Middle Tennessee State defensive coordinator Steve Ellis played for Robinson when he was linebackers coach at Nicholls State, and the two have maintained a close friendship over the years.
And from the time Byard arrived in Murfreesboro, Tennessee, Ellis was telling Robinson -- then in the front office of the New England Patriots -- about the Blue Raiders safety.
“Kevin’s a kid I’ve been bragging to Coach Rob about since we signed him,” Ellis said during a recruiting trip to Mississippi. “I’ve been talking about this kid for the last five years.”
Ellis said he often calls Robinson when he lands a recruit to share his excitement.
“I’ll call him and say, ‘I found this kid,’ Ellis said. “And he’ll say, 'Ellis, this kid's in high school.' But I say, ‘Coach, I’m telling you, I’m telling you, I’m telling you.’”
With Byard, the stars aligned five seasons later, when the Titans took him in the third round of the 2016 draft.
In the interim, Byard was always hanging around the stadium and the team’s facility doing what Ellis describes as “relentless work." Ellis and his family would come back from church some Sundays and see Byard running in Floyd Stadium by himself.
Byard had 19 interceptions in his college career, many the result of his giant hands used in concert with the team’s constant emphasis on “elbows above the eyes.”
That approach had the defensive backs thinking about extending to catch the ball at the highest point, and Ellis said Byard attacked the ball, never flinching.
“I think Kevin’s best ability is his range once that quarterback releases that ball,” Ellis said. “From the launching point to the interception point, he’s the fastest I ever saw. It’s like in baseball, when that bat hits that ball, those really good outfielders, they are already gone.
“As soon as that hand comes off that ball from the quarterback, Kevin knows, he’s got great angles. Whether it’s to drive down, top down or he’s turning to get to post balls or he had to get to the middle of the field on top of those numbers. He gets a great jump on that ball.”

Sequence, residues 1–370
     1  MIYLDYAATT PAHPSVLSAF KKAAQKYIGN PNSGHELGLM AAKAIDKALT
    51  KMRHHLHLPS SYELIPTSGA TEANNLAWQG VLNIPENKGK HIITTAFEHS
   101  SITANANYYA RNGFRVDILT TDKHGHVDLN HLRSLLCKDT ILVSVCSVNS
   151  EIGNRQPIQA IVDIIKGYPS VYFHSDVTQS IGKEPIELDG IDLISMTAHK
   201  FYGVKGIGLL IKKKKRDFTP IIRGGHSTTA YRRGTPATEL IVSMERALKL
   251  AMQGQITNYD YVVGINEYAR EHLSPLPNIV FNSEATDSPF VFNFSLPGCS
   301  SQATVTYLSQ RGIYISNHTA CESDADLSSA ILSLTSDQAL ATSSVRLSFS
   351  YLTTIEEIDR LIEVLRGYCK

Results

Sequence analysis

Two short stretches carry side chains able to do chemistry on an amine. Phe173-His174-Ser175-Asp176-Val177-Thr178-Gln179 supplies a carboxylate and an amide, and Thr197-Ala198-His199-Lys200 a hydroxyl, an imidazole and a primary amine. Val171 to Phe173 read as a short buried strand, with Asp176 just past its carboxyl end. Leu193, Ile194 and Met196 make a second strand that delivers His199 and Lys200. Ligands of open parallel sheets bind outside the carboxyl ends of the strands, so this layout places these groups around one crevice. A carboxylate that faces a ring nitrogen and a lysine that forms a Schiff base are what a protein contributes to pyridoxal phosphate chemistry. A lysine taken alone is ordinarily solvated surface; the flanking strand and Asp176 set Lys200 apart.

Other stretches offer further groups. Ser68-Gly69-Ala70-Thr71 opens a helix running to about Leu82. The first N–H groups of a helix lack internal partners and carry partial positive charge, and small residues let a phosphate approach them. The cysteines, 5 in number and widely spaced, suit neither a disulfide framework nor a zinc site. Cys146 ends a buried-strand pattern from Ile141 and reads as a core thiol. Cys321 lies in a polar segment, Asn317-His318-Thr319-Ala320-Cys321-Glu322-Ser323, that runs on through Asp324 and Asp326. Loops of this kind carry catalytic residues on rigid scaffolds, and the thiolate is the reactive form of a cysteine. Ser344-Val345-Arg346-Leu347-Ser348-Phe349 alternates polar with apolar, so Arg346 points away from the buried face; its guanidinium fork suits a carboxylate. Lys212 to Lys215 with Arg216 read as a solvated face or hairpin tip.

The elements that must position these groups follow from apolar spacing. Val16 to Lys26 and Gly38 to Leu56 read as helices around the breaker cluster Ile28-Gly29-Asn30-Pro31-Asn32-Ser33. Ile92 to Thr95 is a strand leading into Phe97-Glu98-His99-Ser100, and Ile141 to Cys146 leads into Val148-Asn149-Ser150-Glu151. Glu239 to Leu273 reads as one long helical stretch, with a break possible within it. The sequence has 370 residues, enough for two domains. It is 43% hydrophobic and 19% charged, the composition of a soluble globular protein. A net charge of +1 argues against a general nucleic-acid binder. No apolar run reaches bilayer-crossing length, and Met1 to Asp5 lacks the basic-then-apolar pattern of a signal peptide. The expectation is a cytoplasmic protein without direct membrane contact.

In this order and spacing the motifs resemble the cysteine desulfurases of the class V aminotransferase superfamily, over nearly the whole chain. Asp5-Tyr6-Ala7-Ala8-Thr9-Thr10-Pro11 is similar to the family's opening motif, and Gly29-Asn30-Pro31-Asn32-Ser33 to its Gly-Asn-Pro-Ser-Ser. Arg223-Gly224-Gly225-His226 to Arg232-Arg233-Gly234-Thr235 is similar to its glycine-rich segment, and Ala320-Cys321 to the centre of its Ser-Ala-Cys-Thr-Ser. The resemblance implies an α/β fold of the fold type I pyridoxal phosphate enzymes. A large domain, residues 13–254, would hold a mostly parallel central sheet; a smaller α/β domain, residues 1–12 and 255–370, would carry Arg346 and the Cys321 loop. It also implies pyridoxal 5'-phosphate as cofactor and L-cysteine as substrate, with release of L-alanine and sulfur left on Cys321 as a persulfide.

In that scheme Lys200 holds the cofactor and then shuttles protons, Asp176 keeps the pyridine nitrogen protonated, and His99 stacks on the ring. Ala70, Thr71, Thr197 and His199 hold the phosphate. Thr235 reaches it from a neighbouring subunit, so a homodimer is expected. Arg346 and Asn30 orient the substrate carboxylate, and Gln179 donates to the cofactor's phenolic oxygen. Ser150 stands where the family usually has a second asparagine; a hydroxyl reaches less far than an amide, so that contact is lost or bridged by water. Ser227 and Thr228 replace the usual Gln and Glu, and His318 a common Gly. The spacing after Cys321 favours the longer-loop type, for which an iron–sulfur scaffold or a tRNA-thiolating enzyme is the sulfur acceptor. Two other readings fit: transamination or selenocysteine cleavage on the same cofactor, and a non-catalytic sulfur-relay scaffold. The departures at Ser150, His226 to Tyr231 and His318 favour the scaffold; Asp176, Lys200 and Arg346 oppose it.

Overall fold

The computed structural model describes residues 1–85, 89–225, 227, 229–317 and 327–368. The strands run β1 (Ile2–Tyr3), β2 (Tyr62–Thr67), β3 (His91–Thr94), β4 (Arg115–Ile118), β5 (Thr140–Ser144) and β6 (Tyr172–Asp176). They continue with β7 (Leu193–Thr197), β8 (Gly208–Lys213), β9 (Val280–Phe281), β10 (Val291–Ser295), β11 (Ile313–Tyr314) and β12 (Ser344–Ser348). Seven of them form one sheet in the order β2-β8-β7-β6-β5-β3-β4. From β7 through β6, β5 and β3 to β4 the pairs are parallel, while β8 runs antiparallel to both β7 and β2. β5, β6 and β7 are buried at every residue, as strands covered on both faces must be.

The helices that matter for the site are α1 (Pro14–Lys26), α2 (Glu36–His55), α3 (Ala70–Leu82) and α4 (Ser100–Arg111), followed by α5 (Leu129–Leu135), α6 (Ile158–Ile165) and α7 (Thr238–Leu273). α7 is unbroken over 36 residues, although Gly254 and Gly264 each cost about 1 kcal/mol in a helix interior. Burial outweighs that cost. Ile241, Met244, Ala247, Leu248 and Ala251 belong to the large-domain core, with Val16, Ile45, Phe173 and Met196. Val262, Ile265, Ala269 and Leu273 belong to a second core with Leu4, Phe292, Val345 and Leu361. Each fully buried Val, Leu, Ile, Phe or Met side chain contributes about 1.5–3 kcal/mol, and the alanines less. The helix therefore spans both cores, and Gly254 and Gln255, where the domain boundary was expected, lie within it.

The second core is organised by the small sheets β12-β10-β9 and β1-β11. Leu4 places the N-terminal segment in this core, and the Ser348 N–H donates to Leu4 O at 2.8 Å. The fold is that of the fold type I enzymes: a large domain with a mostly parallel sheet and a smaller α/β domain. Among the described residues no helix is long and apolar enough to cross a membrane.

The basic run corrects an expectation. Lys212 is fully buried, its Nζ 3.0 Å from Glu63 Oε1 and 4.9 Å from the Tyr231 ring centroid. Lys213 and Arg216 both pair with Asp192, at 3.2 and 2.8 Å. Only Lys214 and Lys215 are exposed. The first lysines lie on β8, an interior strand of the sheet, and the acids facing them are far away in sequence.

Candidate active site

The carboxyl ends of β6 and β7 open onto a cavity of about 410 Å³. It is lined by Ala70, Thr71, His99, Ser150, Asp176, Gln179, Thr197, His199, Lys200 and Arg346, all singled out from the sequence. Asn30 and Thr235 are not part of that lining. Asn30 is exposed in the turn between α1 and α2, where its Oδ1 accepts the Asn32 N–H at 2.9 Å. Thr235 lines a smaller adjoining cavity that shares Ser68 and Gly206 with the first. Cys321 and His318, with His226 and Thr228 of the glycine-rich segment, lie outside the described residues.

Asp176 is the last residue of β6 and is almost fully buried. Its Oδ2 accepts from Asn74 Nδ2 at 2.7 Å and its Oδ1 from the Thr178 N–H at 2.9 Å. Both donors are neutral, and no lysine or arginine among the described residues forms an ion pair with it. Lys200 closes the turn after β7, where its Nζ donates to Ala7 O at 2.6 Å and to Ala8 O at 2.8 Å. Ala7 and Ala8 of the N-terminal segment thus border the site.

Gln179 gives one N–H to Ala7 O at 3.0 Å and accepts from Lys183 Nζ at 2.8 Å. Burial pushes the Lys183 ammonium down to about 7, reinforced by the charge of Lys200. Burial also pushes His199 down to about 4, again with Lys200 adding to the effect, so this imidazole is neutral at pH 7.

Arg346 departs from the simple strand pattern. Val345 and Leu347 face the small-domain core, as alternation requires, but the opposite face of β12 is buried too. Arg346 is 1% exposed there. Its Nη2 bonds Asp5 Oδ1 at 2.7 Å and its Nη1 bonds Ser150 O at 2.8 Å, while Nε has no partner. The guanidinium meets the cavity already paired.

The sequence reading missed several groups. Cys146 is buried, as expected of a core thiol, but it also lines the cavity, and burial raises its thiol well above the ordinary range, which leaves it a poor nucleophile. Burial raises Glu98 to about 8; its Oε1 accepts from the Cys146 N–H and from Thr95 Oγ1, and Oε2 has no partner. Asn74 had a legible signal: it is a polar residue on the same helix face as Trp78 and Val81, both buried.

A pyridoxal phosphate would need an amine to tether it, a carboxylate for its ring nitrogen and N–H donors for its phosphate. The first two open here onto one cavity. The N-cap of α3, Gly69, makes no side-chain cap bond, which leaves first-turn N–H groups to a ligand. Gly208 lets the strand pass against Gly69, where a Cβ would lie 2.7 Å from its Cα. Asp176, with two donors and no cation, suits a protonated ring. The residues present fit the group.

Byard is a great talker, who was a big hit in a Wednesday appearance on my Nashville radio show, The Midday 180.
“I didn’t know the extent of how much [Ellis] was selling me," Byard said. "He did tell me he was coached by Jon Robinson. And it’s definitely something great to have coaches who know people in the NFL who can put in a good word for you. That’s just something I think helped me out through this whole process.”
NFL Films executive producer Greg Cosell rates Byard as the best pure free-safety prospect taken in this year's draft, and said he showed his football IQ in recognizing formations and route concepts. That recognition suggests to Cosell that Byard will be able to contribute quickly.
In free agency, the Titans signed veteran Rashad Johnson from Arizona to play free safety. But he inked just a one-year deal. If Byard pans out quickly, Johnson could end up in a third-safety role like veteran George Wilson did in 2013-14.
Byard is eager to pay his dues and do whatever is required of him.
“I make friends easy and I’m going to go in there and do my part, do whatever they need me to do,” Byard said. “If it’s a guy needing me to carry his helmet and pads, I’m going to play that role as a freshman in college, as a rookie in the NFL. I’m going to play that role until guys feel able to trust me, and I think that will just by my study habits and the things that I am going to do when I first get there.”
As for Ellis as a Robinson advisor ...
“Remember this kid next year,” he told me of another Middle Tennessee State player. “Jeremy Cutrer will be the No. 1 cornerback in the country.”